Oil prices reached their highest point in over a year on Thursday as worries emerged about the global market’s ability to keep up with demand due to planned production cuts.
West Texas Intermediate (WTI), the benchmark for oil pricing in the United States, saw a 0.7% increase, surpassing $95 per barrel for the first time since August 2022 before settling at $94.35. Meanwhile, Brent Crude, the international standard, also rose by 0.7% to hit $97.24.
The Organization of the Petroleum Exporting Countries (OPEC) will convene on October 4th to discuss and potentially implement planned reductions in output. Should members of OPEC reduce production, alongside voluntary cuts agreed upon by Saudi Arabia and Russia, global production could diminish by 1.3 million barrels per day until year-end.
While these production cuts are expected to impact economic growth negatively and potentially increase inflation, central banks, including the Federal Reserve, plan to keep interest rates higher for an extended period to prevent inflation rates from spiking after experiencing a substantial decline this year.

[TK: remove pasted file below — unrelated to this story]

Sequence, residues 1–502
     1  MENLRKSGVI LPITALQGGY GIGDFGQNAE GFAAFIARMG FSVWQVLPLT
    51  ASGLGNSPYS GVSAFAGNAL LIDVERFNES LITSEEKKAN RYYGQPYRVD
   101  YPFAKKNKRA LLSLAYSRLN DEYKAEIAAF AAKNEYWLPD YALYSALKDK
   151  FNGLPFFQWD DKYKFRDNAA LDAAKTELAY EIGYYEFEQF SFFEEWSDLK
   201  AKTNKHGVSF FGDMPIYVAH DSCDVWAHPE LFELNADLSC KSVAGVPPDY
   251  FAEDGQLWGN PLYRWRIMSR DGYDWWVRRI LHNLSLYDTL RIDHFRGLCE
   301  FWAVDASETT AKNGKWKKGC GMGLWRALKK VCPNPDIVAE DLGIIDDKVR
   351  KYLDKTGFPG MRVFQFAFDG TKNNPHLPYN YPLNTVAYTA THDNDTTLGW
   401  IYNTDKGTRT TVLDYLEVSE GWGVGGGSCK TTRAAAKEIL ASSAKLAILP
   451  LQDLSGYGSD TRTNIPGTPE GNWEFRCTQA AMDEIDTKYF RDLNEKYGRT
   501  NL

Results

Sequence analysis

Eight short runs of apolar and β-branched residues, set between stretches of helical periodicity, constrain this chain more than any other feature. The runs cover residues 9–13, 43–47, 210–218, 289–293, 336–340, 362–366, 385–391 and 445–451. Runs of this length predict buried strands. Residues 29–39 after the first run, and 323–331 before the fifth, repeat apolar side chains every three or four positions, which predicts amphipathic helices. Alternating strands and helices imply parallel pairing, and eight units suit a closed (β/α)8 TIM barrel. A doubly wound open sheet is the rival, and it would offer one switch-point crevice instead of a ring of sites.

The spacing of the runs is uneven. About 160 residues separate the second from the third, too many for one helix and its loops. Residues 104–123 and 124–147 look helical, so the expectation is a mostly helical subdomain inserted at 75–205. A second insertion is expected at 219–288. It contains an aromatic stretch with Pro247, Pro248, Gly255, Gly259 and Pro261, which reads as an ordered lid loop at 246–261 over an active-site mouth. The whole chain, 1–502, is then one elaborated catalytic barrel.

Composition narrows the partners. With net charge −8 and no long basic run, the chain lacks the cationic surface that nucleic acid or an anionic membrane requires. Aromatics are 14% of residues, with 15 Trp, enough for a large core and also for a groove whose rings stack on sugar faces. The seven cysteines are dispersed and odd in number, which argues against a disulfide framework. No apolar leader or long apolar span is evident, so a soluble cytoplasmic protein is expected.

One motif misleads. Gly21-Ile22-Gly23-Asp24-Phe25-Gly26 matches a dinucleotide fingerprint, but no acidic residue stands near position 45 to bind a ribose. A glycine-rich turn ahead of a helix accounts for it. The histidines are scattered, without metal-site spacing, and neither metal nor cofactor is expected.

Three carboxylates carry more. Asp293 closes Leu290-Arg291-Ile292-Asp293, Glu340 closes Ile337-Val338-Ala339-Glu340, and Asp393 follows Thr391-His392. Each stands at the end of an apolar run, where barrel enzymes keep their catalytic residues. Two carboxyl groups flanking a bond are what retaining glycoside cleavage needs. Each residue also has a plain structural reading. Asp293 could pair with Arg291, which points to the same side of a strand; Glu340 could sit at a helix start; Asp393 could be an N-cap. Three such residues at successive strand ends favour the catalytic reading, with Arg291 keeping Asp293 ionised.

Susannah Streeter, Head of Money and Markets at Hargreaves Lansdown, noted that rising oil prices are largely driven by concerns regarding limited supplies. Furthermore, she emphasized that big producers like Saudi Arabia have a vested interest in maintaining oil prices within an elevated yet stable range.
Another indication of tightness in the oil market is the report revealing that supplies at the Cushing storage hub in Oklahoma have dropped to their lowest levels since July 2022.